Lets face it, a lot of us got into bartending because we saw Tom Cruise and the girls from Coyote Ugly flipping bottles and looking cool.

It turns out, that’s not how every bar in the world is, there’s no Doug Coughlin behind the bar to train you into a bartending Jedi, but all is not lost! With just a few simple steps we can have you learning the skills you need in no time at all!

What can you flair with?

The beauty of being a flair bartender is that you should be able to flair with almost anything you touch behind the bar. A short but not exhaustive list would include:

  • Bottles
  • Shaker tins
  • Muddlers
  • Fruit and other garnishes
  • Napkins
  • Bar Spoons
  • Bar Blades
  • Glasses
  • Stemware (different to normal glasses, and more impressive!)
  • Strainers
  • Ice scoops
  • Ice cubes
  • Bounce mats

So, we have a huge range of props you can use within the show you’re creating for your customers when they come into your bar, and this is just scratching the surface. I’m certainly missing items here, and if there’s something you use that i’ve missed, drop me a comment or post on the Facebook page, I’d love to see a video of you using something else behind the bar.


Commercial practice flair bottles are available, and Flairco make the best, I think without a doubt. There is a French company called Flybottle who created what was certainly the in vogue bottle to practice with for a while, with a slender neck and slimmer body than the standard Flairco, however I always found the material to be a little softer than I would like, almost waxy, and while they were excellent for multiple bottle work, they would often jam in a mixing tin.

Flaircos and Fly Bottles are normally around £25-30 each, which seems like a lot when you’re just starting out, especially when you see bartenders using 3-5 bottles in a sequence, don’t worry about that, one or two are a great place to start if you want them, or you can find cheaper (though admittedly less durable) alternatives online. Flairco also offers licensed flair versions of the Bols, DeKuyper, Bacardi and Skyy bottles which are popular in flair competitions, as well as the original which is similar to the Malibu bottle with its long neck and fairly wide body.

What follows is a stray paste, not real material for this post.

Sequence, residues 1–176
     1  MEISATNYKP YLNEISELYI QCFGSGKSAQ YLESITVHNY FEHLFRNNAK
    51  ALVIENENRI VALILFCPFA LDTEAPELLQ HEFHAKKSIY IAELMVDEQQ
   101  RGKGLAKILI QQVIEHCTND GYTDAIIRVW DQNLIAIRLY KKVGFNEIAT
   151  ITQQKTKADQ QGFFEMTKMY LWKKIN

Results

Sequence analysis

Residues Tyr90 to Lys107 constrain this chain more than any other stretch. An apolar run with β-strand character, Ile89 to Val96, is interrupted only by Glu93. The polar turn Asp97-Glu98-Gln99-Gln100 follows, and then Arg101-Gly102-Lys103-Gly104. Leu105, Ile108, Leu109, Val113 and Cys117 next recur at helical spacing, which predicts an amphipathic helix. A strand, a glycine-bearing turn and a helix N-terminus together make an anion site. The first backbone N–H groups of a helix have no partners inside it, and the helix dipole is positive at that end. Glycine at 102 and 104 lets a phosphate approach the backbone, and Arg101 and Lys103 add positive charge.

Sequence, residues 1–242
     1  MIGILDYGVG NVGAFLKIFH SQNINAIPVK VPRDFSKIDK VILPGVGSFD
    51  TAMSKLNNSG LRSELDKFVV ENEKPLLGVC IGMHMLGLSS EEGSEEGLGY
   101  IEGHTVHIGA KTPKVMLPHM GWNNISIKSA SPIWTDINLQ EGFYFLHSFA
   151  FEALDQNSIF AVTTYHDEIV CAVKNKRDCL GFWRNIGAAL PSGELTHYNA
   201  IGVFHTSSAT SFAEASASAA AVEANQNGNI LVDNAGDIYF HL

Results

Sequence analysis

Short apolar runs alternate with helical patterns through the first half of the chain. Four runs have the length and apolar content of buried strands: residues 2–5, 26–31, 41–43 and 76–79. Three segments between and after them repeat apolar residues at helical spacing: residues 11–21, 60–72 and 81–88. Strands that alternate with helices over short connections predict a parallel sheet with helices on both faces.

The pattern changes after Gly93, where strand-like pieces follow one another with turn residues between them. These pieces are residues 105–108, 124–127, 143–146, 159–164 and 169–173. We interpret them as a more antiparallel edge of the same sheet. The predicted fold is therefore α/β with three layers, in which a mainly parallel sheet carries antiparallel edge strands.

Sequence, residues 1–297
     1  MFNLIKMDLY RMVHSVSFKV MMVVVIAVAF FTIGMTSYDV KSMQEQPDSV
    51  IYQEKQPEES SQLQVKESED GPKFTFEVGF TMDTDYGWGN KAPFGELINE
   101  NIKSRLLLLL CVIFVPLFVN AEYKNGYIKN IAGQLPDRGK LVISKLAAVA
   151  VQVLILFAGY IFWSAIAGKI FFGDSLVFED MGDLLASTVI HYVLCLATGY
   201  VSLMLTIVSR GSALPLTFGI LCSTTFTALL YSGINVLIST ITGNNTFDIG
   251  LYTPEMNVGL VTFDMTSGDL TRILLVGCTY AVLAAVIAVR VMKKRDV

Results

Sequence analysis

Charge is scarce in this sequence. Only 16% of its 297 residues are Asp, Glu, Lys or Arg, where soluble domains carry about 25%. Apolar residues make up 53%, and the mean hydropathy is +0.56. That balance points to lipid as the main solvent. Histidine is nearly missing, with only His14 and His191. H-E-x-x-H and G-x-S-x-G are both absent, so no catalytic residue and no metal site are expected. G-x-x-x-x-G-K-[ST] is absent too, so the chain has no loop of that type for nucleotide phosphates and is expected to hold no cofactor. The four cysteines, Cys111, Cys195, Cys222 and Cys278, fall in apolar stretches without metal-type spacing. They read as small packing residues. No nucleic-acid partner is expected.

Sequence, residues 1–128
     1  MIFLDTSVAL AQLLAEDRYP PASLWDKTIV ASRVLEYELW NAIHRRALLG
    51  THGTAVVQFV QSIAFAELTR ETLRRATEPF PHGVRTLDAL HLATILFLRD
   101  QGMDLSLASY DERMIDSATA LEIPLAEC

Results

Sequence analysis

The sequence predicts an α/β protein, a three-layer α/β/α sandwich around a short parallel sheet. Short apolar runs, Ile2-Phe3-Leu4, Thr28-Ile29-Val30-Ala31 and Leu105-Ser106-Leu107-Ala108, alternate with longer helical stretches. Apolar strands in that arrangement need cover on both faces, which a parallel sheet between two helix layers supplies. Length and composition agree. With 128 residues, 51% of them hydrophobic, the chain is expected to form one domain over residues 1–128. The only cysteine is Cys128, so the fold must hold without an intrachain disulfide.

Mixing tins can be in the $8-12 or £7-10 range each, and you will use more of these practicing and working. Unlike flair bottles you can use the same tins for practice that you use behind the bar, so this is less of an issue with cost.

Bounce mats that you’ll use behind the bar are normally sold as anti fatigue mating but we all know its there to catch what we drop – an 8’x4′ mat, fairly standard can run $80-120 or even more, which is why they have to fall apart before the bar will replace the things.

A good bar spoon will run you $5-7, Glassware can be picked up quite cheaply for around $1 a glass,  and some of the other items can be picked up very cheaply… but we can do better.

The Free Bar Practice Kit


When you’re on shift you can make a point of saving the empty bottles from any shift. Make sure you ask the manager before you take them home (its very easy for this to look like you walking out of the door with a bag full of liquor on CCTV cameras, so be sure to ask every time you want to take empties home). Usually no-one will mind, and the advantage is these bottles are exactly what you will flair with behind the bar. They can be filled for working flair practice or kept empty or with an ounce of water for exhibition practice. Don’t practice with empty bottles if you can help it, as it will discourage you from spilling if you keep liquid in the bottles, but it is ok if you’re trying to master a new move for the first time.

You can make these bottles last far longer and also speed up the clean up process when they do by wrapping bottles in sticky tape. Ideally electrical tape works the best and leaves you with a nice grippy surface, but any tape will work. Just make sure the bottle is dry when you wrap it and be sure to cover all the glass surface, then if the bottle breaks, all of the shards are contained and you can throw the whole thing in the trash in one go.

Shaker Tins: